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Marketing 310 Chapter 11: Product, Branding, and Packaging Decisions
Terms in this set (49)
Describe the components of a product.
The product itself is important, but so are its associated services, such as support or financing. Other elements combine to produce the core customer value of a product; the brand name, quality level, packaging, and additional features.
Anything that is of value to a consumer and can be offered through a voluntary marketing exchange.
core customer value
The basic problem solving benefits that consumers are seeking.
The physical attributes of a product including the brand name, features/design, quality level, and packaging.
associated services(augmented product)
The non-physical attributes of a product including product warranties, financing, product support, and after-sale service.
Identify the types of consumer products.
These products tend to be classified into four groups: specialty, shopping, convenience, and unsought products. Each classification involves a different purchase situation and consumer goal.
Products and services used by people for their personal use.
Products or services toward which the customer shows a strong preference and for which he will expend considerable effort to search for the best suppliers.
Those for which consumers will spend time comparing alternatives, such as apparel, fragrances, and appliances.
Those for which the consumer is not willing to spend any effort to evaluate prior to purchase.
Products or services consumers either do not normally think of buying or do not know about.
Explain the three components of a product?
Core customer value, actual product, and associated services.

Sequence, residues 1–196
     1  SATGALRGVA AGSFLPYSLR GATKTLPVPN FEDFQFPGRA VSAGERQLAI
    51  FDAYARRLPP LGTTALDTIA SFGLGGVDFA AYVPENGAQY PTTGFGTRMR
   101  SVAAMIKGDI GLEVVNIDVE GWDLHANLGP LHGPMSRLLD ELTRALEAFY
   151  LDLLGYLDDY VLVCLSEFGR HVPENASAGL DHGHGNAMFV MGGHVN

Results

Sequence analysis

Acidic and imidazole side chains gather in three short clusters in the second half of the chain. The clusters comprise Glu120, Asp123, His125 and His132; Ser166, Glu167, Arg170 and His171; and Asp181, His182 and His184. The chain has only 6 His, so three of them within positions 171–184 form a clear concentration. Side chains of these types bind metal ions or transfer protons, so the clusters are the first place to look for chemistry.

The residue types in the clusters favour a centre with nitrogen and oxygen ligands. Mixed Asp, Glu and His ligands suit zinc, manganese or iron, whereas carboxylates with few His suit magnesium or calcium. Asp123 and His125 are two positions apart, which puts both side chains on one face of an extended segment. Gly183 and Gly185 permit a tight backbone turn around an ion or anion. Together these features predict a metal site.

What are the four types of consumer products?
Specialty, shopping, convenience, and unsought.
Explain the difference between a product mix's breadth and a product line's depth.
Breadth, or variety, entails the number of product lines that a company offers. Depth involves the number of categories within one specific product line.
The complete set of all products offered by a firm.
Groups of associated items, such as those that consumers use together or think of as part of a group of similar products.
Number of product lines offered by a firm; also known as variety.
The number of categories within a product line.
What is the difference between product mix breadth and product line depth?
Breadth (sometimes also referred to as variety) represents the number of product lines offered by the firm; Product line depth, in contrast, is the number of categories within a product line.
Why change product mix breadth?
To capture new or evolving markets, increase sales, and compete in new venues, address changing market conditions, or meet internal strategic priorities.
Why change product line depth?
To address changing consumer preferences or preempt competitors while boosting sales, to realign resources.
Identify the advantages that brands provide firms and consumers.
Brands play important roles in enabling people to make purchase decisions more easily and encouraging customer loyalty. for firms specifically, they also constitute valuable assets and improve a company's bottom line and help protect against competition.
Explain the various components of brand equity.
Brand equity summarizes the value that a brand adds, or subtracts, from the offering's value. It comprises brand awareness, or how many consumers in the market are familiar with the brand; brand associations, which are the links consumers make between the brand and its image; and brand loyalty, which occurs when a consumer will only buy that brand's offer. Brand equity also encompasses the concept of perceived value, which is a subjective measure that consumers develop to assess the costs of obtaining the brand.
The set of assets and liabilities linked to a brand that add to or subtract from the value provided by the product or service.
Measures how many consumers in a market are familiar with the brand and what it stands for; created through repeated exposures of the various brand elements (brand name, logo, symbol, character, packaging, or slogan) in the firm's communications to consumers.
The relationship between a products's or service's benefits and its cost.
The mental links that consumers make between a brand and its key product attributes; can involve a logo, slogan, or famous personality.